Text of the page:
Our five senses connect our minds with the world that surrounds us. Many people begin to experience difficulties with their senses as they age. If an individual with Alzheimer’s or a related disorder begins to lose some of these senses, the confusion that he or she is already experiencing may worsen. Even when an individual has difficulty making sense of complex sensory stimuli, a pleasant sensation can still provide enjoyment and an unpleasant one can evoke a feeling of disgust. There are numerous positive effects related to stimulating the senses of an individual who has dementia. Sensory stimulation has no boundaries, which is why caregivers are creating sensory rooms for seniors.
Sensory stimulation allows us to engage with our environment, communicate in numerous and complex ways, and experience unparalleled situations. We are bombarded with sensory stimulation continuously; however, individuals who have Alzheimer’s or a related condition may not experience enough sensory stimulation.
The Benefits of Sensory Stimulation
The benefits of sensory stimulation for individuals who have dementia has received a considerable amount of attention. These benefits include an improved concept of self, an increase in the desire to socialize and ability to concentrate as well as increased awareness.
The Goal is to Gently Stimulate All of the Senses
A sensory stimulation environment should have opportunities to stimulate as many of the senses as possible; however, caregivers need to be careful to avoid unsuitable stimulation as this could lead to anxiety. By helping an individual get in touch with all of his or her senses, memories related to each sense will arise.
Looking at something that triggers memories or offers beauty is always pleasing, which is why visual stimulation is included in a sensory room.
A successful sensory room may include:
- Fun, bright colors
- Color changing lamps
- Soft colors
- Television shows that consist of lovely scenery, lights or animals
- Color drops liquid timers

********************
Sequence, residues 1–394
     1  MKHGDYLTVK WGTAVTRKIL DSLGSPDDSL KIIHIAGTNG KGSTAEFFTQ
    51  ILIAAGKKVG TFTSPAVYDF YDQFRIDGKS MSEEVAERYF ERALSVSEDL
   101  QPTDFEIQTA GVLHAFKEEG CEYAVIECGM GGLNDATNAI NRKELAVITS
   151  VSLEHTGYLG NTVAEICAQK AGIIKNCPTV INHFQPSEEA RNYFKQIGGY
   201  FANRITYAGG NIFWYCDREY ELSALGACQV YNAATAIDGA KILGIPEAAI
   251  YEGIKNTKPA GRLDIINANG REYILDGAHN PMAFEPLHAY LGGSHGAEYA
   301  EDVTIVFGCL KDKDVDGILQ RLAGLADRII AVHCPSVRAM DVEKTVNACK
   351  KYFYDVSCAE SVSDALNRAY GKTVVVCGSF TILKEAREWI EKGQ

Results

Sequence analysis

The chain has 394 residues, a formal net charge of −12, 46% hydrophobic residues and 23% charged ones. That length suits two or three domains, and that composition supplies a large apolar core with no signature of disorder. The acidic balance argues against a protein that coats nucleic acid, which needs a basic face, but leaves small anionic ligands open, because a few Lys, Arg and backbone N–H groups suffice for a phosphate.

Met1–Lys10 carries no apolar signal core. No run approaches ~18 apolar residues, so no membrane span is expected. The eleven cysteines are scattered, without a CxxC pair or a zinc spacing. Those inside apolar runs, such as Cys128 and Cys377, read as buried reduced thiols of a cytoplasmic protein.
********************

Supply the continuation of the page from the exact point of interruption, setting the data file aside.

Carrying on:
Many times, memories are triggered by a picture, as opposed to words alone. Caregivers may use pictures of places that the individual has visited or lived as well as photos of family members.
When it comes to connecting with the past scents are very meaningful; thus, our sense of smell can successfully bring memories back. Scents can evoke numerous emotions: They can be strong, pleasant, comforting or relaxing.
A senior sensory room may include:
An aroma diffuser with essential oils. When using a diffuser, an individual can choose from a variety of essential oils.
- Essential oil scents include:
- Other distinct odors:
- The smell of coffee brewing
- Bread baking
- Buttermilk pancakes cooking
- Bacon frying
Listening to sounds allows us to get in touch with all of our senses. While many seniors do have hearing impairments, stimulating this sense remains essential; nonetheless, modifications may be necessary.
Tips for incorporating sound into a senior sensory room:
Listening to nature, music, singing or a poet can be very enjoyable; however, what is enjoyable to one may be aggravating for another. Caregivers should ask the senior what he or she would like to listen to. Furthermore, keeping the noise level under control is extremely important because too much noise can cause an individual to feel anxious.
A meaningful touch may be an important communication tool for people who have dementia. A handshake, hug or holding hands cause an unparalleled emotional response. Even incorporating basic touching, such as a touch on the arm or shoulder is helpful.
There are several ways that a caregiver can incorporate touch into the room, these include:
- Fixing his or her hair
- Giving him or her a manicure/pedicure
- Gently massaging his or her hand
- Place objects or various pieces of materials in a bag and have individuals identify the objects before pulling them out of the bag
- Provide the individual with a sponge, sand or clay. He or she can use these objects to strengthen the hands
Another great way to reminisce is with food. Share foods or meals that remind the individual of his or her childhood. Keep a variety of salty, sweet and sour foods on hand.
Old fashioned desserts may reawaken lost memories, these desserts include:
- Rice pudding
- Brown Betty
Ask Family Members for Personal Items
Ask the patient’s family to help you create a trinket box or sensory box that is filled with personal items.
Ask family members to provide items that are dear to the individual, for example:
- A favorite book
- Old driver’s license
- A holiday photo
While most of the information provided here is intended for individuals who still have some kind of verbal communication skills, these activities can be useful for individuals who are experiencing the more advanced symptoms of Alzheimer’s and similar conditions.